As far as “headclutching” photos, my belief is that we need to include a variety of photos; photos of people of different ethnicities, different genders (although, in my case, I typically use pictures of men, as that is a large focus of the advocating I do), different expressions, different sizes, dressed differently, etc.
People who live with depression certainly do not suffer or struggle (or clutch their head between their hands) all throughout their lives. I would not want to mistakenly give that impression to others. If we use the word “suffer” we should be sure that it is specifically referring to a moment in time. While I believe there are much more critical conversations to be having around mental illness, I do believe how we portray mental illness and the language we use is very important.
Thank you for taking the time to read this post. As always, I encourage people to comment on this post and/or any other posts of mine.
I honestly believe there is too much over thinking going on. The other problem is the criticism and judgement from other people who have actually been where you’ve been. I find this to be most surprising. I never find it on my blog, only on Twitter. I had worked myself in to such a frenzy of emotions I was on the floor crying! When I finally calmed down and went back to my computer I realized it was 1 person I was dealing with who wasn’t exactly in a stable place. I didn’t realize this until I read her profile saying she was the Governor of Hogwart’s and replied to me she was kidnapped and “injected” by the police. At that point I had to let it all go. It wasn’t her fault, I should’ve been more aware of who I was having a conversation with. It’s extremely hard to advocate in a way where you don’t offend other people and still stay true to your own beliefs.
I think you have some really good points. I think it’s important to not take things personally. We never know the whole story of the person giving the criticism or from where their concerns come. I was wondering if I, too, was overthinking when I chose to write a post on “Headclutching” photos and the words ‘suffering’ and ‘stigma’. However, all of the topics struck a chord with me, so I decided it was important enough for me to share my thoughts.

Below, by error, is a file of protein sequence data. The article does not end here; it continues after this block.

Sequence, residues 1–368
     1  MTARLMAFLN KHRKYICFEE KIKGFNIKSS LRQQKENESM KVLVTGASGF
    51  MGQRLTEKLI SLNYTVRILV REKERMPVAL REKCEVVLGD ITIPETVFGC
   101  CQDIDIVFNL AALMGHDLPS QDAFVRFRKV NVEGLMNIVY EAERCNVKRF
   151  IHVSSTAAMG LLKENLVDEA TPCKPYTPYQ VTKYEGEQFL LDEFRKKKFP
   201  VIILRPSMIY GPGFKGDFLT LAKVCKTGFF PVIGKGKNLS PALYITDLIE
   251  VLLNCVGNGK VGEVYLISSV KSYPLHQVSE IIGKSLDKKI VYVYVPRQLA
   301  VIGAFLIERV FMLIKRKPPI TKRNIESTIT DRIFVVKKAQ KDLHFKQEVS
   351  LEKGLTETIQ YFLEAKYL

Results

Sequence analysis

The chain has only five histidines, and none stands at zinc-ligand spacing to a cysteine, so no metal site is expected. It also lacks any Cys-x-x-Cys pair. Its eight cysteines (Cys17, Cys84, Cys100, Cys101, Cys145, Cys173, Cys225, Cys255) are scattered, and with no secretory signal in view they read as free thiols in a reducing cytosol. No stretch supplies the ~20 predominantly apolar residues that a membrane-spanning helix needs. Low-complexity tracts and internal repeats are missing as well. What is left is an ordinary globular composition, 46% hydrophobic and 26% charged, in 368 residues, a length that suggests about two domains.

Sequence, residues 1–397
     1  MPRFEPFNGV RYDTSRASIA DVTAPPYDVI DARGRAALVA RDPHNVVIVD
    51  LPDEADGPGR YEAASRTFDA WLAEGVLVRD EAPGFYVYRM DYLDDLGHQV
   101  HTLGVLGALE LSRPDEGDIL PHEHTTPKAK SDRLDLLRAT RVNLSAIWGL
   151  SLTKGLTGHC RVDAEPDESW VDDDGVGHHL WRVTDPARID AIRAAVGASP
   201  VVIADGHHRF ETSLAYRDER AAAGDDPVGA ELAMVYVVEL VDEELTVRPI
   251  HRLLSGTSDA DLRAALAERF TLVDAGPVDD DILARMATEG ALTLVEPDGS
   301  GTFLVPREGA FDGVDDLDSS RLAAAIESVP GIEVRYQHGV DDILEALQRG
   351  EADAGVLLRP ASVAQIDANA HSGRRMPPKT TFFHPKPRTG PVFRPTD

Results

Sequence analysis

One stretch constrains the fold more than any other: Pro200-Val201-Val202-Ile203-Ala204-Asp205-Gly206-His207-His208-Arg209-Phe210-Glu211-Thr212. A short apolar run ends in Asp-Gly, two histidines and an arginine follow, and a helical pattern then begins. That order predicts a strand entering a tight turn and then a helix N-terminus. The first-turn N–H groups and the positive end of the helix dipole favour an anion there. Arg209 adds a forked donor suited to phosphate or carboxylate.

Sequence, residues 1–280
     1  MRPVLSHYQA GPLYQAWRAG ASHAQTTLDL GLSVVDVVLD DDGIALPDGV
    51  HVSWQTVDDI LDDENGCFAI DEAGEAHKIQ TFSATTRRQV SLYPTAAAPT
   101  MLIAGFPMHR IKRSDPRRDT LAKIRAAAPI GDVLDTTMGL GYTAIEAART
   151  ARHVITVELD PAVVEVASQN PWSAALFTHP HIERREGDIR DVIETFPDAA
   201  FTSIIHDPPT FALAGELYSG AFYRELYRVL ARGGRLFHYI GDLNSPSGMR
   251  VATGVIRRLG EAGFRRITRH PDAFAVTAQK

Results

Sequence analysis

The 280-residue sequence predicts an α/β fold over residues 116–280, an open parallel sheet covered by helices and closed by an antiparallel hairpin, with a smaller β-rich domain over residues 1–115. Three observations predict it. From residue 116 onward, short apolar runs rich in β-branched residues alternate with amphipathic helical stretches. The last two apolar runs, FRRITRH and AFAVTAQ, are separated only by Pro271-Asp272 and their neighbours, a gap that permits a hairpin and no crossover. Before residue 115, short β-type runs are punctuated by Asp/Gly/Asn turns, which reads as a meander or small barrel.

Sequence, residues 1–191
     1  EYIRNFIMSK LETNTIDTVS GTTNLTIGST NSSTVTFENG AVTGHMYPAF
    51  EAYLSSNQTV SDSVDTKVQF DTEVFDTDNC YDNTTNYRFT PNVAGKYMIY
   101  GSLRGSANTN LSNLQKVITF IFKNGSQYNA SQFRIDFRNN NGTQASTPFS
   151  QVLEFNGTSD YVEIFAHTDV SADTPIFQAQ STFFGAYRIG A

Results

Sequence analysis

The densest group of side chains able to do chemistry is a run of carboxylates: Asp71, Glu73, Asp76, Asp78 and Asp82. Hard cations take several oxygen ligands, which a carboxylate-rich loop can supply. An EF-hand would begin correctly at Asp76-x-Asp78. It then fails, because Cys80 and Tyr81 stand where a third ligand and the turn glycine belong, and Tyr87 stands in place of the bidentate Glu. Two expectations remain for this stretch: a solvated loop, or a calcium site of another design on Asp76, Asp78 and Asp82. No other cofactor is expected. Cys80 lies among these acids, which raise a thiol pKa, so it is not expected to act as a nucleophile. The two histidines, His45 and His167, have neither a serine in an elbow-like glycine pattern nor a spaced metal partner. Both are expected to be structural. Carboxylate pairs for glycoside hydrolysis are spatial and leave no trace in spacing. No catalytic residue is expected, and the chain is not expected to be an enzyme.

Thank you very much for commenting on my posts! I really appreciate it.
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When something is bothering me it will stay with me until I find a way to release it. The healthy way is write about it. I felt shame over my Auntie Donna because I turned out to have a mental illness and thought I was the last person that should’ve been hiding. I was young and didn’t know but I feel guilt about many things. I never stop feeling, to the extreme, and that’s the problem.
I personally do not take issue with head clutching photos. Before reading this, it never occurred to me that anyone would. In my blog posts I use photos that I feel show the emotions that I am writing about. After reading this I’m sure my photos likely offend some people. Sounds harsh, but I have no intention of taking mine down. The only picture I would consider taking down is one that might be a trigger for some people. (It’s a bloody fist punching a mirror, likely way more offensive than a head clutching photo)
Thanks for your comments. It really surprised me, too. It was a new perspective for me to consider. I still use the photos. What has become the most important consideration for me is to make sure that I have a variety of types of photos. Depression isn’t always a head-clutching type of feeling. So, I try to use a variety of people with a variety of expressions. I typically use men, as much of the advocacy I do focuses on men with depression. However, I also try to make sure I include men of other ethnicities, as depression can hit anybody. Thanks again for your comments and for reading my blog! Al